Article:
It's neither the longest nor most challenging track John Fought has designed.

It's neither the longest nor most challenging track John Fought has designed.

But the new putting course at Quail Point Golf Course must be among his cutest.

That one of America's top golf architects drew up the 18-hole, natural-turf layout should be indication enough that it isn't your run-of-the-mill putt-putt course.

"We were looking for a real putting experience," says Vince Domenzain, general manager and director of golf at Centennial Golf Club and Quail Point. "We wanted something where people could walk 18 holes, and we really wanted that natural look."

The first nine holes of the course opened late last month. The second nine is expected to be ready in mid-July.

The course fits nicely between the pro shop and the pond that separates Quail Point's eighth green from the driving range.

"We just had that area and we were looking for something different to do with it," says Domenzain. "It's something else to enhance the campus."

The first three holes — which will actually be the final three when the other nine is in because of their aesthetic value — run along a pond that skirts Quail Point's ninth hole.

Pond? Next to this course, ponds become lakes.

The course then turns north, does a wrap-around with a double green for the fifth and sixth holes and heads for the clubhouse.

Fought, who designed Centennial and has done several other putting courses, came to Medford last winter and etched the layout.

From there, greens superintendent Matt Grove took over.

"He did a lot of stuff as it was growing in," says Domenzain. "A lot of things you have to do on the fly with the ground condition and the slopes and the terrain. Matt was phenomenal on that. He really took ownership of it and its condition."

The course is slower than it will be after a lower cut and as summer weather arrives. But it's competitive for better players and enjoyable for novices and children, says Domenzain.

The current nine plays to 808 feet and a somewhat inflated par of 30 that could realistically be reduced at least three strokes.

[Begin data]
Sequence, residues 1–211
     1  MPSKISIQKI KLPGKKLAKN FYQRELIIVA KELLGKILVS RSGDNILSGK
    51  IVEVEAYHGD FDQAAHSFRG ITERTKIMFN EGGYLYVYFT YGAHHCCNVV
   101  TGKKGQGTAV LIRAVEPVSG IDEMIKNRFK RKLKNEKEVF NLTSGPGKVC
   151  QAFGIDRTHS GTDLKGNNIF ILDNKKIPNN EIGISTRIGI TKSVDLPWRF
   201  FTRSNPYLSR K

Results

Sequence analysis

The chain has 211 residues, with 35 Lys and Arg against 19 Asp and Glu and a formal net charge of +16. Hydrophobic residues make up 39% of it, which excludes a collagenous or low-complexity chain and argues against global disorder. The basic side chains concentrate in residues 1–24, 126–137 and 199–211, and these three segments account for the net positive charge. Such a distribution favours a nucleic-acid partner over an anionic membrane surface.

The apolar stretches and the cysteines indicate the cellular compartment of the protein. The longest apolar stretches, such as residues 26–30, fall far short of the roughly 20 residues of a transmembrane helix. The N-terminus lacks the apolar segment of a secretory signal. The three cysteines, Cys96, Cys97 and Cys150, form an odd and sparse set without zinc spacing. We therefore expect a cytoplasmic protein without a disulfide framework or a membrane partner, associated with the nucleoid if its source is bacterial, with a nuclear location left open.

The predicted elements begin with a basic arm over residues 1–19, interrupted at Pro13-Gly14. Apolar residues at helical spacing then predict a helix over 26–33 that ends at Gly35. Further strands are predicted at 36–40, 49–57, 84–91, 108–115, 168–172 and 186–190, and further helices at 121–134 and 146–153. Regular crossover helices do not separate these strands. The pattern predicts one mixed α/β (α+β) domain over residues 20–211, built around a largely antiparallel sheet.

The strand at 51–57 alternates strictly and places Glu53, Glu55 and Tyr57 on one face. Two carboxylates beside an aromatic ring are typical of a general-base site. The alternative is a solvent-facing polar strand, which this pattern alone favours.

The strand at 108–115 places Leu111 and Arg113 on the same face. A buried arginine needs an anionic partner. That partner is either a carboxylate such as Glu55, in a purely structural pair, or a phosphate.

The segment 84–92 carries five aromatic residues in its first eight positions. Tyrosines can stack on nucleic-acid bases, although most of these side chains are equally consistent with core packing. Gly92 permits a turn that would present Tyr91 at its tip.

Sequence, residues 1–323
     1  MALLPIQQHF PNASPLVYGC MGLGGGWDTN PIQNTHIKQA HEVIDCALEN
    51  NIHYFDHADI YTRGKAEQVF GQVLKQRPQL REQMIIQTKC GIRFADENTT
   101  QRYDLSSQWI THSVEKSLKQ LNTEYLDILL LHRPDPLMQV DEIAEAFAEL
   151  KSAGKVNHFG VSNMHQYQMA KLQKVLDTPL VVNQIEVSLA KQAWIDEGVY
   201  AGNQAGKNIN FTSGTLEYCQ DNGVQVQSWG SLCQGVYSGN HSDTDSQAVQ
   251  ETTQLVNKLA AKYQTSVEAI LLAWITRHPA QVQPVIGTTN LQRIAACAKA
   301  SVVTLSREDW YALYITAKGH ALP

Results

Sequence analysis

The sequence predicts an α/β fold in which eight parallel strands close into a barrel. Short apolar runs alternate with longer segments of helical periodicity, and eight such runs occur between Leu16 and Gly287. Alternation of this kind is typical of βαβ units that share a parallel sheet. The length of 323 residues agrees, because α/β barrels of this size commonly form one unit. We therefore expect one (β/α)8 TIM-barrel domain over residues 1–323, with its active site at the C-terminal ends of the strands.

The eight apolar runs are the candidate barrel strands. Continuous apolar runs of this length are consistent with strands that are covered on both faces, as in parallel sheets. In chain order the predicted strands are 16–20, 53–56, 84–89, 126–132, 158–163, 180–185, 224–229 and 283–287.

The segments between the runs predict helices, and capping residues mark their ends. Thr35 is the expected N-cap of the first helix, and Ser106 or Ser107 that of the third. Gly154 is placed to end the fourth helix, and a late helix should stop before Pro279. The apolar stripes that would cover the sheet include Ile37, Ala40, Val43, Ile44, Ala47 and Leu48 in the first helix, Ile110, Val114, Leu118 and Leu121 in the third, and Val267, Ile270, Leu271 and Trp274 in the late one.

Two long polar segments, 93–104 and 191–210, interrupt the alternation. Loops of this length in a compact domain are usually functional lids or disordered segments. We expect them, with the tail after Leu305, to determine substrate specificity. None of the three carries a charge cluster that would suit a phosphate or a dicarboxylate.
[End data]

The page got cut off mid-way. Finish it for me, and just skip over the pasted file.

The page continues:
"We're still working on par," says Domenzain. "It might be a little high, but we want the junior players to be able to make par."

The shortest hole is the 61-foot fourth, which is downhill and would probably be handicapped as the easiest.

It comes directly after the longest hole, No. 3, which stretches 130 undulating feet.

Two other holes — one and nine — measure at least 100 feet.

Nos. 6 and 7 could be rated the hardest because they're the only two that can't be "reached" off the tee. They bend so dramatically there's no line from the tee box to the cup.

Every hole has ridges and slopes that test the ability of players to read greens.

The course record has dropped steadily. First, head pro Peggy Atwood had it, then Domenzain. Now the standard belongs to golf shop assistant Steven Celayeta.

Celayeta first lowered the record to 20, then two weeks ago took it down a notch to 19.

"Every night when we close, we have to go pull up the flags," says Celayeta. "I usually take my putter with me and play it. There probably aren't too many people who have played it more than me."

The putting course will be open the same hours as Quail Point.

Nine-hole fees are $5 for adults and $3 for kids 17 and under. There are discounts for Quail and Centennial card-holders and for Rogue Valley Manor residents.

Reach sports editor Tim Trower at 541-776-4479, or e-mail ttrower@mailtribune.com